Results 1 to 4 of 4

Thread: Fire of Conscience

  1. #1
    Join Date
    Dec 1969
    Location
    Fremont, CA, U.S.A.
    Posts
    44,282

    Fire of Conscience

    I watched a screener last night - very enjoyable. Reminded me a lot of John Woo's balletic gunplay films, even though it's quite different.
    Fire of Conscience -- Film Review
    9:07 PM PDT 10/14/2010 by Elizabeth Kerr, AP

    HONG KONG -- In a front-runner for the title of loudest film of the year so far, "Fire of Conscience" tackles the heady subject of police corruption at street and institutional levels on the surface, but is really just an old school cops and robbers shoot 'em up most notable for a pair of highly inventive deaths. Director Dante Lam throws in everything but the kitchen sink in a story that somehow works in South Asian arms dealers, a Mainland bomber and drug dealing cop killers. Any real thought about the nature of duty and the law is swept aside for action, action, and more action-which is average for Lam but still superior to most.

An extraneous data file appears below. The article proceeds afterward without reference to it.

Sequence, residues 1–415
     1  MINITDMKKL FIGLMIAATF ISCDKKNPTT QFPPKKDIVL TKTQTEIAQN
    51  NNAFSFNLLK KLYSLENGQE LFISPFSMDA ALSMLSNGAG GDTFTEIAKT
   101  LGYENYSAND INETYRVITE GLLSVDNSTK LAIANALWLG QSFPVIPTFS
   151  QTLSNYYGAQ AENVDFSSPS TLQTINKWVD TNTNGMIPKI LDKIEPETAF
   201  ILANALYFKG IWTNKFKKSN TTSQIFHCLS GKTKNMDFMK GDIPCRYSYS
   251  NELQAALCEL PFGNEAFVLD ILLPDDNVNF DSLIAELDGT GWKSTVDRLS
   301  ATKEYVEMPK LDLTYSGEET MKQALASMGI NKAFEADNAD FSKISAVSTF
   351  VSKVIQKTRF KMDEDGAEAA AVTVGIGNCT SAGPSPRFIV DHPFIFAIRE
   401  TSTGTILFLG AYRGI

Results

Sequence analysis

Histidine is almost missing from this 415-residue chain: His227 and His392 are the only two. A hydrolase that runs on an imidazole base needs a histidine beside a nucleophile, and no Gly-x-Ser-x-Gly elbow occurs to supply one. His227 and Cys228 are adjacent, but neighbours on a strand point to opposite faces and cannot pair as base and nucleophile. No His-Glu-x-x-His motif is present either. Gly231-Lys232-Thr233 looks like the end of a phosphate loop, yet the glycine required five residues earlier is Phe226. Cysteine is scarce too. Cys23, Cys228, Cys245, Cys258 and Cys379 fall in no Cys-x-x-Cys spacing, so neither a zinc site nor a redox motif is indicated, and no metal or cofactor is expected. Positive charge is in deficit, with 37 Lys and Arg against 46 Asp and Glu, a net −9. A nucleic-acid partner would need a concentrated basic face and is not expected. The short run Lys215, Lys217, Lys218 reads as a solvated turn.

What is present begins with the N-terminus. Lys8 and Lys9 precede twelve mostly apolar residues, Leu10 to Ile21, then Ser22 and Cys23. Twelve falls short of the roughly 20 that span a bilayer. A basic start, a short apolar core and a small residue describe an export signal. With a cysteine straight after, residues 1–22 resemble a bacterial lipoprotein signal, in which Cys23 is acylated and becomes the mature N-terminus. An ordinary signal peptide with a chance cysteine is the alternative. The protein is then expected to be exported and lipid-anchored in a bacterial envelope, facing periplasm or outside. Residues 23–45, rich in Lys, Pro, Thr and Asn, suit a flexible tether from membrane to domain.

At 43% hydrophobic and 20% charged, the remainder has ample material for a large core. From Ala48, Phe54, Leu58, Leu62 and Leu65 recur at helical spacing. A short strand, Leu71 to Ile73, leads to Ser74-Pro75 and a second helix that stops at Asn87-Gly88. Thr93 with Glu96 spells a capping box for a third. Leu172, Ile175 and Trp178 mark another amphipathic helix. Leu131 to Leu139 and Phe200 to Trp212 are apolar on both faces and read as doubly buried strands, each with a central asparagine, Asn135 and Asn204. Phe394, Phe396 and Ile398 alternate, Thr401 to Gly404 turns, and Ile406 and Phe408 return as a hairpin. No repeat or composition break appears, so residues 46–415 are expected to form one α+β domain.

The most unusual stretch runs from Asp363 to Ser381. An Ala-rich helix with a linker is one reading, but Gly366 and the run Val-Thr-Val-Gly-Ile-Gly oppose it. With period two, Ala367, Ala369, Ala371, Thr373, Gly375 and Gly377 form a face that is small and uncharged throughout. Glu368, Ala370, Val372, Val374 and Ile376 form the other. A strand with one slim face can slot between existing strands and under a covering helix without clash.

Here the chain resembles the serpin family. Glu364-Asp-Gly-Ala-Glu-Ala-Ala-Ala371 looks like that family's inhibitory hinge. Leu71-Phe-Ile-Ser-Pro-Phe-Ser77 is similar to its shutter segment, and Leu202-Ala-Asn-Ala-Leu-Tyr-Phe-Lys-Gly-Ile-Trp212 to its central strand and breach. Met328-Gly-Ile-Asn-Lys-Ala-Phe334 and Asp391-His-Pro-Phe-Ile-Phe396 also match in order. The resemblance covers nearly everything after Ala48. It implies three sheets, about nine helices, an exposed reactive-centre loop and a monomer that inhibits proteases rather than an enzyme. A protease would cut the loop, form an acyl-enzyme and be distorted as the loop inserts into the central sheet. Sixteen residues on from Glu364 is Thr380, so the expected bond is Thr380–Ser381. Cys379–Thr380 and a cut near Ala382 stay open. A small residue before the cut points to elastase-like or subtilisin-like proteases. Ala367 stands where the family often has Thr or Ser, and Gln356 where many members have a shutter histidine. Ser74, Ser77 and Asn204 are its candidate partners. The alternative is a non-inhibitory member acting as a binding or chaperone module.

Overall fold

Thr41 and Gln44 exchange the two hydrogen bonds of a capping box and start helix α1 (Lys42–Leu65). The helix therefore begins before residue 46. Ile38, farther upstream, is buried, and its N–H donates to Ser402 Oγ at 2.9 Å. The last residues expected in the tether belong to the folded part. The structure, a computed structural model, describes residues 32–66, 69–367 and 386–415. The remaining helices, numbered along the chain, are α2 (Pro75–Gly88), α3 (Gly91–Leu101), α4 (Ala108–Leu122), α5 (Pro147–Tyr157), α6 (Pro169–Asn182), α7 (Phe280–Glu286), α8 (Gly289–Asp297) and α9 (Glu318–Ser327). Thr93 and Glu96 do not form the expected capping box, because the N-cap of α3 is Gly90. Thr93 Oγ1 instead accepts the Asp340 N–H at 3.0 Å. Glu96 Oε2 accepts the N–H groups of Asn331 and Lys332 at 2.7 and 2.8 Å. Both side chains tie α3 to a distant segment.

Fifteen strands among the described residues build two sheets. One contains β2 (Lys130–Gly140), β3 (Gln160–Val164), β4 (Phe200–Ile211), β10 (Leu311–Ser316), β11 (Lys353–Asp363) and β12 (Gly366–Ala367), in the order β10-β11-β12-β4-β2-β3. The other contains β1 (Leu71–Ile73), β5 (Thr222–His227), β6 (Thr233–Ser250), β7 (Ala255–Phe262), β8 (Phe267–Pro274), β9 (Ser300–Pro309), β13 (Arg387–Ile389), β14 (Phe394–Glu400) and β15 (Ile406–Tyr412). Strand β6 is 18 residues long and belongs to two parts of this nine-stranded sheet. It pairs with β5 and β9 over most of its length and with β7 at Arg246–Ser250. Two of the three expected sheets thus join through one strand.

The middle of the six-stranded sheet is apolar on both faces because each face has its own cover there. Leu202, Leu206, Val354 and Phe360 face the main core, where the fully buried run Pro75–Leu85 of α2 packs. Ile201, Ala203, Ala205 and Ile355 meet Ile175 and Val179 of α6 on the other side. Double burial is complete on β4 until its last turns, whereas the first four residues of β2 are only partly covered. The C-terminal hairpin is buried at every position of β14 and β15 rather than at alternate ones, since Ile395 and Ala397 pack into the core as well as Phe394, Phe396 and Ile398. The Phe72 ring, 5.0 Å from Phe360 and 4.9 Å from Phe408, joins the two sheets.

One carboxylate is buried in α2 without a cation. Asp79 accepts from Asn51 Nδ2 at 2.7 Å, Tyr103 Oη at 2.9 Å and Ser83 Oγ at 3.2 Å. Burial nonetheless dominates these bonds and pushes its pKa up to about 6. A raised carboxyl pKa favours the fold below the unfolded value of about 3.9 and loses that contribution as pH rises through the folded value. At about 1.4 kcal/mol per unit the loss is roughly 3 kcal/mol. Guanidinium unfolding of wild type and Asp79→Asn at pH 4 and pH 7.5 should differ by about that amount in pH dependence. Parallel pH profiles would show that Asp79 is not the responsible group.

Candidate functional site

Lam is making a case for himself as the Michael Mann of Hong Kong with his second high octane, noisy bit of law enforcement pornography in as many years. "Fire of Conscience" should attract the same distributors and specialty festivals that 2009's "Sniper" did, but it lacks the earlier film's sense of retro fun. Stars Leon Lai and Richie Jen could generate interest in theatrical release in Asia but the film's prospects beyond that are limited.

    Man (an hirsute Lai) is a garden-variety detective with a dead wife and a penchant for brutalizing suspects. While looking into the murder of a prostitute, he hooks up with former narcotics investigator Kee (Jen), who needs his help finding a petty thug that stole a cell phone from his partner-right before he got pulverized by a car.